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Allotment was a process by which reservation lands held in common by a tribal community were split up and allotted to individual tribal members. The purpose of allotment, as with the 1861 treaty signed by the Potawatomi and the Dawes Act of 1887, was to undermine the legitimacy of tribal governments and open Native land to white settlement. This was done through allotting land to individual Indian families, having the ability to either keep or “alienate” the land by selling it. This eventually led to the checkerboard effect present today, with land inside the historic boundaries of the Citizen Potawatomi Nation held by CPN members and non-Indians alike.

Through the Dawes Act, and several subsequent Dawes commissions, much of Indian Territory was allotted, with a significant portion of allotted lands transferred to white ownership in just a few years. Allotment effectively dissolved tribal governments, as members were forced to abandon properties taken over by non-Indians, leading to a dramatic decline in tribal sovereignty and acreage.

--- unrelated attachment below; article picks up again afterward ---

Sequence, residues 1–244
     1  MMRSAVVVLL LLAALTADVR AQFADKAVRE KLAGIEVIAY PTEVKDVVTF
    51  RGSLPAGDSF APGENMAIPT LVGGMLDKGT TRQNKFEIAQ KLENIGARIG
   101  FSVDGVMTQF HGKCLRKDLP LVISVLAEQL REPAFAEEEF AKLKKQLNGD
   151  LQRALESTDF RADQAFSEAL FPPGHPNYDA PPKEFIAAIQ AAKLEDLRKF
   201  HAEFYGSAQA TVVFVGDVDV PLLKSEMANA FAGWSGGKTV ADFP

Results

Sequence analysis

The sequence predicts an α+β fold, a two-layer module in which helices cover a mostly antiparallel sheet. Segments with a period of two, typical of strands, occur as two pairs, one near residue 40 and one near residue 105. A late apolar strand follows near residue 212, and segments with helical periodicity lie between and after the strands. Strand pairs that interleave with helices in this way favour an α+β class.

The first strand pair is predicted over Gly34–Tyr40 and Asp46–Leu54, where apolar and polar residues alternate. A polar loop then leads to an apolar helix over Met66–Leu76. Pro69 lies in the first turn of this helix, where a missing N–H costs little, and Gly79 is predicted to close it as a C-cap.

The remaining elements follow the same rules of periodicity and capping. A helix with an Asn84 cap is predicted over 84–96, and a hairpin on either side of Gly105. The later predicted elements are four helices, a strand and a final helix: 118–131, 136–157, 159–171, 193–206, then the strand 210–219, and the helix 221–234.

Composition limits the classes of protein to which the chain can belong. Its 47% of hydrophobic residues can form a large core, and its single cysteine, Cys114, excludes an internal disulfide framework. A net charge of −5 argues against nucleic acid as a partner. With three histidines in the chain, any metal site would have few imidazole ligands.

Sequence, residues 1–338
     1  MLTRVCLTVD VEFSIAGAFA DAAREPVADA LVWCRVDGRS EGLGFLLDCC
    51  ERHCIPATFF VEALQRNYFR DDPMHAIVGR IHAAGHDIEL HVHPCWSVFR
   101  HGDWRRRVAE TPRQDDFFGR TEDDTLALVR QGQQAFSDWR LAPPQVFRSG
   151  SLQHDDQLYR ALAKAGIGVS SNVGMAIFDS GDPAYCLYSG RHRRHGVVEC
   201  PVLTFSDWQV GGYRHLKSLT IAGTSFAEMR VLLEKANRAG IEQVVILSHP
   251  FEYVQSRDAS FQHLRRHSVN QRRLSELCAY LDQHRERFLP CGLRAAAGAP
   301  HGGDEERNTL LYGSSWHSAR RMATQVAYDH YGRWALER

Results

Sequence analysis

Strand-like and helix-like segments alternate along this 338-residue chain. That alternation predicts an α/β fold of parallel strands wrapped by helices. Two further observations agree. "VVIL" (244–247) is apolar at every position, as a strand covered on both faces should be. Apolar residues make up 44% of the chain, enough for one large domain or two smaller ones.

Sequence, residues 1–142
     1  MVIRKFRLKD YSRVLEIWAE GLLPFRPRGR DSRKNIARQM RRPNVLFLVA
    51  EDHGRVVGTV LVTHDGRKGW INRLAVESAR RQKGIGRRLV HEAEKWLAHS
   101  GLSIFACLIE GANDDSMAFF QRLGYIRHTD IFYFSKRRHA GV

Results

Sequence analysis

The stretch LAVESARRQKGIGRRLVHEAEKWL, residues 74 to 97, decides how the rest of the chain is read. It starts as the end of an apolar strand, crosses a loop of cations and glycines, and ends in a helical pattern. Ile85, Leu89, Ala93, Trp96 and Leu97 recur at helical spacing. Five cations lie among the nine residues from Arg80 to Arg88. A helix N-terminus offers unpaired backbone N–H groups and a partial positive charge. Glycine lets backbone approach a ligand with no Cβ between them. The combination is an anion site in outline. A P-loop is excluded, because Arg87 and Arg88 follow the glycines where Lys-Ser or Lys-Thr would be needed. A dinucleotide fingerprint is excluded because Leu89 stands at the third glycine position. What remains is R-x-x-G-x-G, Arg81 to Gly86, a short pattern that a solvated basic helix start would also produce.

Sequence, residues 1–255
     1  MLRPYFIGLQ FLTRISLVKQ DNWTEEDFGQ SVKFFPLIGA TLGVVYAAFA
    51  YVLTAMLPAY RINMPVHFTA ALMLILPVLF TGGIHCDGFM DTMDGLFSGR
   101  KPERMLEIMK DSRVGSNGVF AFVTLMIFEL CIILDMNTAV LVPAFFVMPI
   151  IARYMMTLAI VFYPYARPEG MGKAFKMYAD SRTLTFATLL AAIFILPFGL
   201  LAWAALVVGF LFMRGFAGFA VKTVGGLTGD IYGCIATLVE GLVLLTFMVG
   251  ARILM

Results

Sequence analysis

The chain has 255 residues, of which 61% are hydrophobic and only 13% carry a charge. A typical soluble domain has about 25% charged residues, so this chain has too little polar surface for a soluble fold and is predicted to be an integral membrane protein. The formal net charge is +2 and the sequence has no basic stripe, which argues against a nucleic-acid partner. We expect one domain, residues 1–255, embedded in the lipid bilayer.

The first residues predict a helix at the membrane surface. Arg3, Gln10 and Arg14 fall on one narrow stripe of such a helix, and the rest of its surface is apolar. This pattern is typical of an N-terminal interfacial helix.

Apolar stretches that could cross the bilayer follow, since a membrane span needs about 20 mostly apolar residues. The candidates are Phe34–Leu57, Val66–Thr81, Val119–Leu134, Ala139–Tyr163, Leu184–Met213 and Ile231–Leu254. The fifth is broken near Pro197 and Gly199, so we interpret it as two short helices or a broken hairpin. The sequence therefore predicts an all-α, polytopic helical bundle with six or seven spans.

Potawatomi Allotment Events:

  • Potawatomi Treaty of 1861: Split up Kansas reservation into allotments, making those who chose allotment “Citizens” of the United States and forming the Citizen Potawatomi Nation as a distinct community.
  • Potawatomi Treaty of 1867: Once again allotted lands to the Potawatomi in Oklahoma to assist the destitute Citizen Potawatomi left reeling from the ill-effects of the 1861 treaty.
  • Dawes Act of 1887: Opened the lands that Potawatomi held claim to, but were unable to physically occupy because of the high cost of moving from Kansas to Oklahoma.


  1. Dawes Severalty Act of 1887 


  1. Edmunds, R. David. The Potawatomis, Keepers of the Fire. Norman: University of Oklahoma Press, 1989.


  1. Mosteller, Kelli. 2013. Place, Politics, and Property: Negotiating Allotment for the Citizen Potawatomi, 1861 – 1891


  1. Kappler, Charles J. 1904. Indian Affairs: Laws and Treaties, II. (hyperlink): https://dc.library.okstate.edu/digital/collection/kapplers


  1. Prucha, Francis Paul. The Great Father: The United States Government and the American Indians. University of Nebraska Press, 1995.


  1. Wardell, Morris L., and Edward Everett Dale. History of Oklahoma, by Edward Everett Dale … and Morris L. Wardell. New York: Prentice-Hall, 1948.


  1. Washburn, Wilcomb. The Assault on Indian Tribalism: The General Allotment Law (Dawes Act) of 1887. Philadelphia: J. B. Lippincott, 1975.
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